Recreational cultural ecosystem services : How do people describe the value?
Summary, in English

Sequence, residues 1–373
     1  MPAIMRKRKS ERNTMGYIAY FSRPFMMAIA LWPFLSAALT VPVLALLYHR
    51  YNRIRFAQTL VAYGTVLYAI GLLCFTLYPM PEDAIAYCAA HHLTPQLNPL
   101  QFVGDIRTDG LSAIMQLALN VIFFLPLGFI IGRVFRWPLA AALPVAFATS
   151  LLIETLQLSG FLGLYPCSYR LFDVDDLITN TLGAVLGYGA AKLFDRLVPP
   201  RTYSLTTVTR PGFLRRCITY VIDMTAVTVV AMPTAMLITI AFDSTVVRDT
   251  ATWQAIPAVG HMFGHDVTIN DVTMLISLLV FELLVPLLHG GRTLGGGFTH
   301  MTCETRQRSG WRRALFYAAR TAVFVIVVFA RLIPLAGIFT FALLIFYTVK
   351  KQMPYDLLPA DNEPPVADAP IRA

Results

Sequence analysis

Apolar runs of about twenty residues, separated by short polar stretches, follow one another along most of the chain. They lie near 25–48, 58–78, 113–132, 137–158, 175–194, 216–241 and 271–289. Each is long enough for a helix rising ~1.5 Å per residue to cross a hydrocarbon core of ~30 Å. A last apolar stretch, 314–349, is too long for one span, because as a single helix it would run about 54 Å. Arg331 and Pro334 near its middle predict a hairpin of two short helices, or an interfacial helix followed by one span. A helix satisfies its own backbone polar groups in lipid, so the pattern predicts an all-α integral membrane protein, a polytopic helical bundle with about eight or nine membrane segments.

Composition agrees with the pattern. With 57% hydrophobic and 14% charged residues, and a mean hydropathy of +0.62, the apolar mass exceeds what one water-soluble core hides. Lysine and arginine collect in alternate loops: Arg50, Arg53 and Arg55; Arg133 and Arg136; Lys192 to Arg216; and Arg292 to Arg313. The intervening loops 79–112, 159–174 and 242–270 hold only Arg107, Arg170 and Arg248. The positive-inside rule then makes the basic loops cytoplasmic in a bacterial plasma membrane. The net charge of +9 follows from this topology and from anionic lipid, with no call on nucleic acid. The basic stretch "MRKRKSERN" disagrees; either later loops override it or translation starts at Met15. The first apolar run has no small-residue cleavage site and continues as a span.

Different ways of viewing human-nature interactions affect the ways in which these are conceptualized and operationalized with regards to cultural ecosystem services (CES). To clarify if some conceptualizations provide more appropriate descriptions of benefits, these need to be discussed in relation to the lived experience. This paper addresses some aspects of the controversy around the use of the concept of CES and associated framing of ‘values’. Our aim is to understand potential distinctions between individuals’ expressions of values of their experiences and the language of value of ES. We use Swedish focus group material formed to understand how individuals perceive and express their values of the experiences of spending time in natural environments in their own words. We apply an interpretivist approach inspired by grounded theory and present our findings as the broader interpretative repertoire ‘axiomatic value’. The interpretative repertoire informed three discourses that participants describe as valuable in relation to experiences in nature: ‘indivisibility’, ‘incommensurability’, and ‘the goodness of perceived naturalness’. The latter comprised the underlying themes ‘nature as authentic’, ‘nature as healing’ and ‘nature as beauty, magic and movement’. We discuss implications for conceptualizations of value and question the appropriateness of the non-contextual and categorical language of ES.